Scott lectures for New York University in London.
Fifty years ago last month, in one of his most notable speeches, the then Prime Minister Harold Macmillan proclaimed ‘most of our people have never had it so good’ and in many ways he was right. The Macmillan era saw the birth of a new consumer society where the great majority of people gained access to goods and services that were once the preserve of the few. But rather than political consensus, it was dynamic change that produced this new society and turned the Conservative Party into the natural party of government during the post-war era.
The popular image of the nineteen fifties, as repeated by a BBC documentary about British cinema only the other week, is of grey conformity. But Ian Fleming’s James Bond novels, first published in the fifties, were not successful, as the programme suggested, because they provided escape from the dreariness of the age, but rather because they reflected the aspirations of an emerging generation. In terms of economic opportunity the sixties really began in the mid to late nineteen fifties. For the Conservative Party the result was electoral domination. A political cartoon published in the aftermath of the third successive Conservative victory in 1959 depicted Macmillan surrounded by electrical goods such as televisions and washing machines and saying ‘Well gentlemen, I think we all fought a good fight.’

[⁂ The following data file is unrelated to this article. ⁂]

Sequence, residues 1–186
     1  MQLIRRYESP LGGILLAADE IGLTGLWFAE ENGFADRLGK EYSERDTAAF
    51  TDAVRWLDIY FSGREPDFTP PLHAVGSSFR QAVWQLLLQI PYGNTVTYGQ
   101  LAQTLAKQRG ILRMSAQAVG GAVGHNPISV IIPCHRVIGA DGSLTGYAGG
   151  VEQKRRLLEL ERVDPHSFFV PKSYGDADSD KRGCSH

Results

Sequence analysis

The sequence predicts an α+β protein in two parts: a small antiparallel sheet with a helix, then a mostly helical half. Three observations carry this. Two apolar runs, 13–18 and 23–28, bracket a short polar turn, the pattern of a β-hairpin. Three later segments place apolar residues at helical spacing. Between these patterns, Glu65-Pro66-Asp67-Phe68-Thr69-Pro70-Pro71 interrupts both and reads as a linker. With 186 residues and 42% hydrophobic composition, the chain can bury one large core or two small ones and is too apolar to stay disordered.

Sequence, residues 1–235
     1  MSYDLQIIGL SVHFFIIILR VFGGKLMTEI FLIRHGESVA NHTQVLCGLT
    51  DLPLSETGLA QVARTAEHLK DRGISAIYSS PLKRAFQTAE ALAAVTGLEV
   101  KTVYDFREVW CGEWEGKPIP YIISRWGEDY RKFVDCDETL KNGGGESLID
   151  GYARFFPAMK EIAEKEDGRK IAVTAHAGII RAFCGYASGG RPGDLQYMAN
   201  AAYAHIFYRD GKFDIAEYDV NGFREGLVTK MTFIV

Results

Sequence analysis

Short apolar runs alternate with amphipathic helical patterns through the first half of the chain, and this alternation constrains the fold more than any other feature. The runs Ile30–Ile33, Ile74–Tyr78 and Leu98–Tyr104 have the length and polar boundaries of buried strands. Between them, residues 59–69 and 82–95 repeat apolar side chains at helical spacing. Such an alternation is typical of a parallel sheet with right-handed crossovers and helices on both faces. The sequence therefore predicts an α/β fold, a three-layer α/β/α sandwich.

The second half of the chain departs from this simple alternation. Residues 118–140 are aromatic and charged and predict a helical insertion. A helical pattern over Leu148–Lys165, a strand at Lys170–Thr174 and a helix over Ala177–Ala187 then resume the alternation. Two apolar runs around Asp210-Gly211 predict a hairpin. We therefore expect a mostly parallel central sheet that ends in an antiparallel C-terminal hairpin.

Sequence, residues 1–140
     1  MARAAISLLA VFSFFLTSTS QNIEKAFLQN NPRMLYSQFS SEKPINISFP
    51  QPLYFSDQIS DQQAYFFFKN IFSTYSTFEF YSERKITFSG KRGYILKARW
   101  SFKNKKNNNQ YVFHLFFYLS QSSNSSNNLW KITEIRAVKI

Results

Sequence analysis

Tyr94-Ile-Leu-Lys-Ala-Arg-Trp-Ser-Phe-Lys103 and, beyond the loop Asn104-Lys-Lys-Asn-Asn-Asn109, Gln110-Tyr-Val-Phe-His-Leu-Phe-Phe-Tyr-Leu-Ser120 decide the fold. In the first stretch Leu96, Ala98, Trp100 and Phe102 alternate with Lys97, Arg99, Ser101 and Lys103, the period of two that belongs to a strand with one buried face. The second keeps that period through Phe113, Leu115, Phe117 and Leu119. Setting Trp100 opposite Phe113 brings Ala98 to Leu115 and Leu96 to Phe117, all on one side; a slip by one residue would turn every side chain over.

The foundations of this Conservative ascendancy were laid by Rab Butler, perhaps the most misunderstood British politician of twentieth century, during his period as Chancellor from 1951 to 1955. It would be no exaggeration to say that in 1951 Butler inherited control of a socialist economy, comparable in many ways to those of the eastern block. Rationing, price controls, building licensing, exchange controls and a whole range of restrictions were part of daily life. Over the next four years Butler swept all of this away. Labour’s argument that decontrol would result in rising unemployment became increasingly irrelevant and in the 1955 election the Government was able to proclaim that ‘Conservative freedom works’. The figure of ‘Mr Butskell’, an amalgam of Butler and his Labour predecessor Hugh Gaitskell, is a misleading historical myth.